On Tuesday, Burger King, in a seeming attempt to seem as politically correct as possible, issued a tweet asserting that they were feeding their cows lemongrass in their diet so methane emissions from cow farts leading to climate change would be reduced.
Burger King tweeted, “cow farts & burps are no laughing matter. they release methane, contributing to climate change. that’s why we’re working to change our cows’ diet by adding lemongrass to reduce their emissions by approximately 33%.”
cow farts & burps are no laughing matter. they release methane, contributing to climate change. that’s why we’re working to change our cows’ diet by adding lemongrass to reduce their emissions by approximately 33%. learn about our ongoing study: https://t.co/kPCXpjfbGL #CowsMenu pic.twitter.com/DnmF8gVVL0
— Burger King (@BurgerKing) July 14, 2020
Burger King linked to a site from its parent company, Restaurant Brands International, which also owns the restaurant chains Tim Hortons and Popeyes, in which the site stated:
Livestock is responsible for 14.5% of all human-induced greenhouse gas (GHG) emissions, according to estimates from the Food and Agriculture Organization of the United Nations (FAO), and beef production accounts for 41% of those emissions …
Cows have a complex digestive system consisting of four stomachs, which enables them to eat and digest food that we cannot – such as grass – through a process called enteric fermentation. As the cows digest their feed, they produce a lot of methane. This greenhouse gas is released every time the cows burp and fart the methane gas out. Methane is considered a high contributor to global warming, making it a key area for us to tackle in pursuit of the 2016 Paris Agreement target of limiting global warming to well below 2°C and pursuing efforts to limit it to 1.5°C. …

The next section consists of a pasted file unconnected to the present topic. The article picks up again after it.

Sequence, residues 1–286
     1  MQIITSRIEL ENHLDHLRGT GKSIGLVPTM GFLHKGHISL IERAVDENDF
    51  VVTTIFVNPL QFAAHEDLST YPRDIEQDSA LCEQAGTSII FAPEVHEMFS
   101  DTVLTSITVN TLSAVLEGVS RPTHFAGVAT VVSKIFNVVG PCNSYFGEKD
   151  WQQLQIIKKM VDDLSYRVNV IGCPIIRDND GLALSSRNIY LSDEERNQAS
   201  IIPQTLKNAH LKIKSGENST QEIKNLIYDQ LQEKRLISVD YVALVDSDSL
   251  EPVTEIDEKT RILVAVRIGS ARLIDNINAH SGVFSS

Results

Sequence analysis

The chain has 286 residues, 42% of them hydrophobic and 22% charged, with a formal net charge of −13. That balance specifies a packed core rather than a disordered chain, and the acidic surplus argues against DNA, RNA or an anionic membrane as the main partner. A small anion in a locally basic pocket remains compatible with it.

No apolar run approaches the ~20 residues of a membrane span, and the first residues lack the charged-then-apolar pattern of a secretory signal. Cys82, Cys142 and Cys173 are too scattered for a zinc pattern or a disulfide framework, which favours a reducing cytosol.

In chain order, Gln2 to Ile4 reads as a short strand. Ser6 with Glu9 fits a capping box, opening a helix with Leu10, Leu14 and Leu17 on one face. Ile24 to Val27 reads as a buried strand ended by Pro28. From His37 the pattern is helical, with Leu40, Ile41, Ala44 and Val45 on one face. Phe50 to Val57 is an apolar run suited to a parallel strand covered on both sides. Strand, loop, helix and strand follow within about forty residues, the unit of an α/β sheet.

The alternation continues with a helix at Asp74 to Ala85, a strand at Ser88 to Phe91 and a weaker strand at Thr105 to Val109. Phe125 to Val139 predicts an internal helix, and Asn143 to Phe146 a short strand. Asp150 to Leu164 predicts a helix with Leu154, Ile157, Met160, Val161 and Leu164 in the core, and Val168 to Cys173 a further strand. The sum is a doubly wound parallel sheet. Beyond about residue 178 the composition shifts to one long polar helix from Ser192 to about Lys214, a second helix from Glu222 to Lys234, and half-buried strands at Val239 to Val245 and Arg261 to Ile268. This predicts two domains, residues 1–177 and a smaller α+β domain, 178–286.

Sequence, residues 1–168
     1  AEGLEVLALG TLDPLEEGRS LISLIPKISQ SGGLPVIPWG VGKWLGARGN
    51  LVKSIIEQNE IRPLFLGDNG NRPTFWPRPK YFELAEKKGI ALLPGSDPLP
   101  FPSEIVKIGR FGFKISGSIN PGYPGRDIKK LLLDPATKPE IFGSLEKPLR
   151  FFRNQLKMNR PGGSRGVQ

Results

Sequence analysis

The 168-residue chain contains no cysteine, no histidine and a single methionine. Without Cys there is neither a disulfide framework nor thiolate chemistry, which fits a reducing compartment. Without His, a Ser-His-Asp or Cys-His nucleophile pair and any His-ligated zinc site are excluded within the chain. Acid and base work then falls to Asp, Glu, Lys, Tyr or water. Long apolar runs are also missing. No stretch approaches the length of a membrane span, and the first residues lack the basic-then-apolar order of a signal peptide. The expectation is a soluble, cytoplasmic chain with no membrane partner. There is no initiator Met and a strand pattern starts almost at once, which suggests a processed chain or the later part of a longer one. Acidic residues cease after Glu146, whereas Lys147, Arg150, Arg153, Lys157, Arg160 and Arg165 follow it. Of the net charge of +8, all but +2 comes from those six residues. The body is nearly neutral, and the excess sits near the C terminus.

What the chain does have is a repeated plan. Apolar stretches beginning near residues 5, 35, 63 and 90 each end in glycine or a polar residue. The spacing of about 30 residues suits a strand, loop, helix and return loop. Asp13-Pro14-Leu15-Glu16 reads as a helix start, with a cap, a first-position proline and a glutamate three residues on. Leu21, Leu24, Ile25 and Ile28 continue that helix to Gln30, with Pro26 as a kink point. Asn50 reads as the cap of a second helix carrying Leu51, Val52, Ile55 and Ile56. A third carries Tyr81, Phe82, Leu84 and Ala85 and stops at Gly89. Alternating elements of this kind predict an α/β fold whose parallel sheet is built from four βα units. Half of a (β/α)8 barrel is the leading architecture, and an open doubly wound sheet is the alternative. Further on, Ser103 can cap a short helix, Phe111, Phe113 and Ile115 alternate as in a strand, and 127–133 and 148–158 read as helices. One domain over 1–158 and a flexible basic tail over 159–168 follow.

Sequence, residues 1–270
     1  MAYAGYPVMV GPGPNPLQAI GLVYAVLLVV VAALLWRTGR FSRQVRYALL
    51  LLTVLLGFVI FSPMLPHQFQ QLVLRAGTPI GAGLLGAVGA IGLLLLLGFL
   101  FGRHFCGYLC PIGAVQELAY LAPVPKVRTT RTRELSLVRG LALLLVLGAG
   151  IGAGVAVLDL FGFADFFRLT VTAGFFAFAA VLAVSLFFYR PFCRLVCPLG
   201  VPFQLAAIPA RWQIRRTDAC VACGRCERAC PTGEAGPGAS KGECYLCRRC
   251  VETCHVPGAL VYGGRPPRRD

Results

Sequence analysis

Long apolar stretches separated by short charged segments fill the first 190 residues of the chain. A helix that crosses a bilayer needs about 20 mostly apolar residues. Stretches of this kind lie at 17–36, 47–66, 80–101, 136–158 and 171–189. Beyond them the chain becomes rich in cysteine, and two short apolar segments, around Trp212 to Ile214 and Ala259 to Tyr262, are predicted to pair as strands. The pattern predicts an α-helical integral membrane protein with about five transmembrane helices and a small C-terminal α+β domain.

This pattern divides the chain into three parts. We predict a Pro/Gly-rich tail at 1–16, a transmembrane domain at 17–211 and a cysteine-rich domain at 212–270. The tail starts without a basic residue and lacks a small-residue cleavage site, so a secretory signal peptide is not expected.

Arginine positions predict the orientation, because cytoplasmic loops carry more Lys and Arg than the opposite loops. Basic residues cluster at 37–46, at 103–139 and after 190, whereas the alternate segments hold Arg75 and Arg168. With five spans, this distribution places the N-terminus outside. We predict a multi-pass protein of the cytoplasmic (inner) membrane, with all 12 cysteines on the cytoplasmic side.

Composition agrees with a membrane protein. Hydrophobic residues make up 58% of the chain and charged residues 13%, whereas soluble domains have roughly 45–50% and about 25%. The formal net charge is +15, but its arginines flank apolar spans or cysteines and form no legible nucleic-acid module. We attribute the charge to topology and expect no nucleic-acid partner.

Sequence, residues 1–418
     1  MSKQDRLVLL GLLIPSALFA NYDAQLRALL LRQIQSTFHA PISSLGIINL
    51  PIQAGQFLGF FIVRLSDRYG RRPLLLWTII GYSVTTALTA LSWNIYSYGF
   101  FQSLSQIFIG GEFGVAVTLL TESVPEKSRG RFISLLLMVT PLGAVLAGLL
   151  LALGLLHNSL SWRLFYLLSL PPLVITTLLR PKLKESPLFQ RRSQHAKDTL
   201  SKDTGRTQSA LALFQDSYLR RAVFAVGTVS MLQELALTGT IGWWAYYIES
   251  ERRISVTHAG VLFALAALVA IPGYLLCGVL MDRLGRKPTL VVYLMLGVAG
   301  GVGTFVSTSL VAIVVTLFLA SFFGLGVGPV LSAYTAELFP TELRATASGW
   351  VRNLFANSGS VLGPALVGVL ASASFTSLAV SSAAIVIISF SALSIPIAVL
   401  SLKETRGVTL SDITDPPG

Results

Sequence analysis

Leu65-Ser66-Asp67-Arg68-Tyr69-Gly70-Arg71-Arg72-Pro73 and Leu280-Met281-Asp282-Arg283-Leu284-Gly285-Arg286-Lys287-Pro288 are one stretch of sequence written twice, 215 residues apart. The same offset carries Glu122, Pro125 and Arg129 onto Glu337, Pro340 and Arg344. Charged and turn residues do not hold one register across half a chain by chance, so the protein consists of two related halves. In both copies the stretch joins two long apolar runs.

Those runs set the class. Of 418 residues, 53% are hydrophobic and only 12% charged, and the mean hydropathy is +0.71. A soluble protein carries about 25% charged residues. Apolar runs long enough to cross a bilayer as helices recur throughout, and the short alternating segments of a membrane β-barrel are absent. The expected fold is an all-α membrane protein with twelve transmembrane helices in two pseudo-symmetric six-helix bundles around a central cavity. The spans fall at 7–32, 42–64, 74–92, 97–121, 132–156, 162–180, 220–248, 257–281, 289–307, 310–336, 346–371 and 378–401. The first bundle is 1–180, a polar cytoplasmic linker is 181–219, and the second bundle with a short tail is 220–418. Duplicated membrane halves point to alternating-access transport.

We teamed up with top level scientists in the US and Mexico to study different herbs, like chamomile, cosmos bipinnatus and lemongrass, in order to find a solution that could potentially benefit the environment and the millions of people that simply love meat. As a result, we found that by adding 100 grams of dried lemongrass leaves to the cows’ daily feed, we were able to see a reduction of up to 33% on average of methane emissions during the period the diet was fed (the last three-to-four months of the cow’s life in the case of our research).
In the “frequently asked questions” document appended to the “Green New Deal” proposal espoused by Rep. Alexandria Ocasio-Cortez (R-NY), there was this section dealing with “farting cows”:
We are calling for a full transition o fossil fuels and zero greenhouse gases. Anyone who has read the resolution sees that we spell this out through a plan that calls for eliminating greenhouse gas emissions from every sector of the economy. Simply banning fossil fuels immediately won’t build the new economy to replace it – this is the plan to build that new economy and spells out how to do it technically. We do this through a huge mobilization to create the renewable energy economy as fast as possible. We set a goal to get to net-zero, rather than zero emissions, in 10 years because we aren’t sure that we’ll be able to fully get rid of farting cows and airplanes that fast, but we think we can ramp up renewable manufacturing and power production, retrofit every building in America, build the smart grid, overhaul transportation and agriculture, plant lots of trees and restore our ecosystem to get to net-zero.
Ocasio-Cortez later blamed a staffer for the document, protesting, “I definitely had a staffer that had a very bad day at work.”